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Installing the Tablesorter plugin can be done in one of two ways. The GPM (Grav Package Manager) installation method enables you to quickly and easily install the plugin with a simple terminal command, while the manual method enables you to do so via a zip file.
GPM Installation (Preferred)
The simplest way to install this plugin is via the Grav Package Manager (GPM) through your system's terminal (also called the command line). From the root of your Grav install type:
bin/gpm install tablesorter
This will install the Tablesorter plugin into your
/user/plugins directory within Grav. Its files can be found under
To install this plugin, just download the zip version of this repository and unzip it under
/your/site/grav/user/plugins. Then, rename the folder to
tablesorter. You can find these files on GitHub or via GetGrav.org.
You should now have all the plugin files under
Below is the default configuration. To override, first copy
config/plugins/tablesorter.yaml and only edit that file. These settings can also be overridden at the page level.
enabled: true active: false include_widgets: false include_metadata: false production: true custom_path: assets/tablesorter #no leading or trailing slash themes: blue table_nums: 1
enabledfield turns the plugin off and on globally. If set to
false, no tables will ever be affected, regardless of your page settings.
activefield is what lets you activiate the plugin on a page-by-page basis. The default is
false. To activiate it for a specific page, put the following in the page header.
tablesorter: active: true
true, then the core widgets JS will be included.
true, then the core metadata JS will be included.
productionis true, then the minified versions of the files will be loaded.
custom_pathfield is only needed if you're going to customize things (see the "Customization" section below). It's a path relative to your active theme where you will place your custom CSS and JS files. Do not include a leading or a trailing slash.
themesfield is where you specify all the CSS themes you wish to load. Separate multiple themes with commas. A list of available themes is found at Tablesorter's Github page.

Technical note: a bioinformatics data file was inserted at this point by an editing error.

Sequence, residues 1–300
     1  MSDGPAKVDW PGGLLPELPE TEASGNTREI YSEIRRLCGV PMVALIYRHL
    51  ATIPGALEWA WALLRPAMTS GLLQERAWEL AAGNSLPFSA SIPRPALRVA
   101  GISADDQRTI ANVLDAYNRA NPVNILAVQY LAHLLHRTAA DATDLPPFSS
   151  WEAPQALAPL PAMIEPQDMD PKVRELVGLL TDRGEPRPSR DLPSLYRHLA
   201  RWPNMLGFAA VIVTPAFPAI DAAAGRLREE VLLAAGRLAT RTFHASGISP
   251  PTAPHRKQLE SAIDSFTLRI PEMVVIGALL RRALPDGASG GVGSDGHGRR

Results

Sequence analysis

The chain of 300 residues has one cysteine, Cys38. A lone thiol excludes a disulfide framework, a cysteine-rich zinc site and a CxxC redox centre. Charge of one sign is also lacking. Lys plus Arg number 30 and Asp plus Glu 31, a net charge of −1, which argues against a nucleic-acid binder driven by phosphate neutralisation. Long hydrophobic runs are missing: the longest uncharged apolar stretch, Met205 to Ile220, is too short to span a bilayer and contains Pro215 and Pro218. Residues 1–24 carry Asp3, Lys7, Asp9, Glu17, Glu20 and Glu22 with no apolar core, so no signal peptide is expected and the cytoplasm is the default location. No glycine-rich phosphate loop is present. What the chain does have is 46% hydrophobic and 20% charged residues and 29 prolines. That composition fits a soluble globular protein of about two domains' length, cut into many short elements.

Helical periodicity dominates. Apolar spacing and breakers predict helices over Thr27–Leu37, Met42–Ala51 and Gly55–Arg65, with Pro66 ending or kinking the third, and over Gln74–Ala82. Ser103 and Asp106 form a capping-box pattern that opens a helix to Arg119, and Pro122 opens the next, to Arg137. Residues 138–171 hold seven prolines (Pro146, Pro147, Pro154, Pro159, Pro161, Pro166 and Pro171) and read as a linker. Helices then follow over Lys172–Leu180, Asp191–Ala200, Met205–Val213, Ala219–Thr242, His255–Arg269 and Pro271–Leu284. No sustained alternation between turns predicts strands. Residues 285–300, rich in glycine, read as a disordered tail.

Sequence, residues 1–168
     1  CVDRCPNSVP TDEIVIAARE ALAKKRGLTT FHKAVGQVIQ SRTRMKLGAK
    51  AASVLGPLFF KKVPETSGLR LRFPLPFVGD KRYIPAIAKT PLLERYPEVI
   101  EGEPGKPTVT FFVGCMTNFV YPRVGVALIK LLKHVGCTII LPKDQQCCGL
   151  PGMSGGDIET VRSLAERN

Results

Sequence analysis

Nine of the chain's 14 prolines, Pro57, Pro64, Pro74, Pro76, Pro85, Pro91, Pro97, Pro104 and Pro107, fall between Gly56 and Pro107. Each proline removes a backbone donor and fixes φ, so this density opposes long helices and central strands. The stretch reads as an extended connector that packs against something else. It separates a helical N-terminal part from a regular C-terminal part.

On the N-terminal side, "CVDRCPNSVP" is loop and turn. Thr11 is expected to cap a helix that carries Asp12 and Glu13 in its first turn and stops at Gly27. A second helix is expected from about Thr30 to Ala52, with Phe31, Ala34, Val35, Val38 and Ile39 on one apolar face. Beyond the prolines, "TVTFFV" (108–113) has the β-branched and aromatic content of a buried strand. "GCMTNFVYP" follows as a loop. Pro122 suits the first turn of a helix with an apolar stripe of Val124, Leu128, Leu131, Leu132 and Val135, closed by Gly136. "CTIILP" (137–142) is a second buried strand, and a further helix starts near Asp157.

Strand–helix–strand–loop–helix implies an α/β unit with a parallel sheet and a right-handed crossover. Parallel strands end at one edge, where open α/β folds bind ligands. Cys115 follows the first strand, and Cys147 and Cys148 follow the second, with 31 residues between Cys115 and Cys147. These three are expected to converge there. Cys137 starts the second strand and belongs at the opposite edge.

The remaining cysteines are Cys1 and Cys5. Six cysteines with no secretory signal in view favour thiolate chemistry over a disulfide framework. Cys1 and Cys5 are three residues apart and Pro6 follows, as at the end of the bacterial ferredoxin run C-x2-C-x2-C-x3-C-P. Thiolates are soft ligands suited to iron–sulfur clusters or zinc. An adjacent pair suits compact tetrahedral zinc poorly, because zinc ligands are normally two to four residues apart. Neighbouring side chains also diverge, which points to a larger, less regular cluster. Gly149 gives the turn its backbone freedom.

table_numsfield tells the plugin which tables in your page you wish to apply the plugin to.
1simply means the first table in your document. If you wish to affect multiple tables, separate the numbers with commas. Note that because of how Grav parses YAML, you must enclose multiple numbers with quotation marks (e.g.,
'1,2'). Each individual table number must be listed. There is no capability to use ranges or wildcards.
This plugin is a limited implementation of the full plugin. There is no capacity, for example, to inject metadata into the tables themselves, and widget capabilities have not been tested. What you can do is inject configuration variables into the initial function call. You can do this globally (a single set of arguments for all affected tables) or set them on a table-by-table basis.
To do this, add the following to your page header:
tablesorter: active: true args: ...
The full list of available options can be had on the Tablesorter documentation page. What the plugin does is JSON encode the
args content and pass that on to the function.
For example, if you want to automatically sort the first column of all the affected tables in ascending order, you'd do the following:
tablesorter: active: true: args: sortList: [[0,0]]
If you had two different tables, and you wanted the first sorted ascending but the second descending, then you'd do the following:
tablesorter: active: true: table_nums: '1,2' args: 1: sortList: [[0,0]] 2: sortList: [[0,1]]
Themes take a little finesse. As long as you're only using a single theme for all your tables, then you can rely on the default configuration or set the
themes field in the page header. If you want to use multiple themes in a page, though, then you need to define those themes in the
args field as well. (The
args setting actually applies a loaded theme to the table.) Let's say you had two tables and you wanted to apply the
blue theme to the first and the
green theme to the second:
tablesorter: active: true: table_nums: '1,2' themes: green,blue #order is irrelevant args: 1: theme: blue 2: theme: green
To use widgets, you have to set
args setting as described above. For example:
tablesorter: active: true include_widgets: true #if not enabled in the core config args: 1: widgets: - zebra
As far as I can tell, all the widgets work, but some of them (e.g., Align Character and Math), require hand-coded tables because certain metadata needs to be added to the HTML itself.
include_metadata is set to true, then the module will be loaded and it will parse your table's
class string for settings. Obviously, this only works with hand-coded tables.
Currently the only customization supported is themes. When finding theme files to inject, the plugin first checks the
custom_path. If it doesn't find the file there, it will pull from the plugin's
dist folder. All you have to do is ensure you follow the naming convention:
The most common customization will be copying an existing theme over and just tweaking it a little.
I'm not a PHP native, so I welcome any pull requests to clarify documentation, clean up the code, or to add new functionality.
- Make it possible to override or insert your own themes.
- Explore available widgets and document which work and which don't.
- Look at incorporating custom parsers.
- Admin integration (I don't use it, so please submit pull requests)